Pastilla, a splendid savory pie, is worth a thought for a festive dinner as we gallop toward the holiday season. Crisp pastry encases chicken and almonds simmered to melt-in-your-mouth tenderness in exotic spices. The pie is sprinkled with powdered sugar to lend a seductive sweetness that will have your guests asking for more. But beware — making pastilla is a bit of a production. In other words, this is not an everyday dish
Pastilla / Pastilla
Pastilla came to France via Morocco and is thought to have roots in Spain. In her Book of Jewish Food, Claudia Roden says, “There is a belief among the Jews of Morocco that their ancestors were responsible for bringing the country’s great festive pie from Andalusia.”
I had made it before, and was inspired to try again recently when my downstairs neighbor Manuela brought me a slice of pastilla she’d made while experimenting with filo pastry. When I reheated this treat and tasted a bite, I nearly fell over. It was fabulous, out of this world. I phoned her up and demanded to see the recipe.
I nearly fell over again when she showed me the recipe she’d used, from Nopi: The Cookbook by Yotam Ottolenghi and Ramael Scully, named for their eponymous restaurant in London. To say their approach was unorthodox is an understatement. Their version contains many ingredients not generally found in pastilla, from spinach, red currants and chocolate (!) to cognac and wine — these last two being particularly unusual in a dish emanating from a Muslim country. But I couldn’t argue with the results — Manuela’s pie was fantastic. Still, I decided to go with a more traditional version for this post.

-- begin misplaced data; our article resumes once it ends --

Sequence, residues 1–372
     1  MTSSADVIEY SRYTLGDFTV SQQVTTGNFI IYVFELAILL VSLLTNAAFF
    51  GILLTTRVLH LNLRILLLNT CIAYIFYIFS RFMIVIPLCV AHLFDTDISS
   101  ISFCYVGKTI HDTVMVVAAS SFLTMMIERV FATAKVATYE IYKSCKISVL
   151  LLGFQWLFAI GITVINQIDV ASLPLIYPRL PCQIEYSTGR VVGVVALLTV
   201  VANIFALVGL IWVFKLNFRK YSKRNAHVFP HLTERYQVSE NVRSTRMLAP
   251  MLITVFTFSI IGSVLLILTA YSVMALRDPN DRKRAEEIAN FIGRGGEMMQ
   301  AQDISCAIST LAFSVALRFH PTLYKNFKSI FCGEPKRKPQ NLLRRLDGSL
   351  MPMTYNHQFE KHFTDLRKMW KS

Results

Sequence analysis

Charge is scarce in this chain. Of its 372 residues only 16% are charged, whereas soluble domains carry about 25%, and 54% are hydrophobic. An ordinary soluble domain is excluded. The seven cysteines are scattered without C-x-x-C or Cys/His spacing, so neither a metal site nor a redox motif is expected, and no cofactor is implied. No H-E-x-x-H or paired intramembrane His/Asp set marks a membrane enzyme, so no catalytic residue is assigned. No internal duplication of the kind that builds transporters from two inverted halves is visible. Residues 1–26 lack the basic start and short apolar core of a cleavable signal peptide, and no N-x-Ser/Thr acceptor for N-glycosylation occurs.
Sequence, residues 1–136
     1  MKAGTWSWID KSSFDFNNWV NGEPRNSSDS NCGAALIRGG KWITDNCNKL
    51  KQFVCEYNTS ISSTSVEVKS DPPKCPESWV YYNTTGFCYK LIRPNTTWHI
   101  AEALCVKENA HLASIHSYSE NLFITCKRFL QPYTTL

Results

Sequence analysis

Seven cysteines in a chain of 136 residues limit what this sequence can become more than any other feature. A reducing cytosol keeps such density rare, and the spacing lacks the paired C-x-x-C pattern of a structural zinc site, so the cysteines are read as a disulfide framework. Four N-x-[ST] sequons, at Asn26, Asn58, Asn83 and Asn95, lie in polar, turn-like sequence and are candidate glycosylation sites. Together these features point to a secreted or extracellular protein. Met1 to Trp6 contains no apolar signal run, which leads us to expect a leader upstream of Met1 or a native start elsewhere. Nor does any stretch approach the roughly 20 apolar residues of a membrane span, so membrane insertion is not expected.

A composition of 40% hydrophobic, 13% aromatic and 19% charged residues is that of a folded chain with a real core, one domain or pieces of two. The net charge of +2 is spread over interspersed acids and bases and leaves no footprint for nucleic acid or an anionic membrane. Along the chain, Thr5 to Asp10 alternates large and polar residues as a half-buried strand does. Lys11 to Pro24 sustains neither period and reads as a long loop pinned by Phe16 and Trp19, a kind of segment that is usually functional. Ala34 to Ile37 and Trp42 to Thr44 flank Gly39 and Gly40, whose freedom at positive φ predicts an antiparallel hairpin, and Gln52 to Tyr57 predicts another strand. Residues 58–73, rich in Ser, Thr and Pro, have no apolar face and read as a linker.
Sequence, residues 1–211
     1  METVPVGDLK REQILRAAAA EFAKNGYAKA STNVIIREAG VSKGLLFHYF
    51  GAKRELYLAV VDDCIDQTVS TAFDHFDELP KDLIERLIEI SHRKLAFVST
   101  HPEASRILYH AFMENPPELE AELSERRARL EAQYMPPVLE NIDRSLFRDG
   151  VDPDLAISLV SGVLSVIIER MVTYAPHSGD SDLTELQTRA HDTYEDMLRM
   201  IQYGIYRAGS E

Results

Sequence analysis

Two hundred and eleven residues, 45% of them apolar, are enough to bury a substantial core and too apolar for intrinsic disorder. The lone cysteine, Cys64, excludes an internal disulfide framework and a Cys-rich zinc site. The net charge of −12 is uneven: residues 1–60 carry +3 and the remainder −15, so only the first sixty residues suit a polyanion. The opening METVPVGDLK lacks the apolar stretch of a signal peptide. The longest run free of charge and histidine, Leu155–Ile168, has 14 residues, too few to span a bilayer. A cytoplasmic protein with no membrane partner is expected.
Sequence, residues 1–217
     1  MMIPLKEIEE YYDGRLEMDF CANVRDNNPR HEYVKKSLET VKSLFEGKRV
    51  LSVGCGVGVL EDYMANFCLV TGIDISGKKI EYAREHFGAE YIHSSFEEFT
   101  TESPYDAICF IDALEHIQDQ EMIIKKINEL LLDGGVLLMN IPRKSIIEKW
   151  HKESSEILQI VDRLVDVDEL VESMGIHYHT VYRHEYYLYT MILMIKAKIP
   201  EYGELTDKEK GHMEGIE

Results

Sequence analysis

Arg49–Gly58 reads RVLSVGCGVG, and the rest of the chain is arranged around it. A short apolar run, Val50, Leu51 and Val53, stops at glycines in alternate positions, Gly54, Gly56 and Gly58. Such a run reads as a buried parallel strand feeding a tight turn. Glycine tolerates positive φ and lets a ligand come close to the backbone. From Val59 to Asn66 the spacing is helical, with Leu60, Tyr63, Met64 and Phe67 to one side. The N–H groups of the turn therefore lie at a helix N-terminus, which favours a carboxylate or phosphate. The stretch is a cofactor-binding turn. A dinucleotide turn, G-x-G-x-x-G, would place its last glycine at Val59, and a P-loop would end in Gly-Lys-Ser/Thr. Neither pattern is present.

Pastilla was traditionally made with pigeon, but these days chicken is generally used. In France, pastilla is often served as small individual pies. But for a festive occasion like Christmas, New Year’s or Hanukah, a large pie makes an impressive presentation. One pie will serve 10 as a starter or 6-8 as a main dish. Preparation takes several hours, but if you’ve got the time and the patience, it’s well worth the effort.
In my next post, I’ll offer a recipe for what I hope will be a spectacular holiday dessert (if it turns out well). Hint: it’s not exactly a Yule log, but it’s close.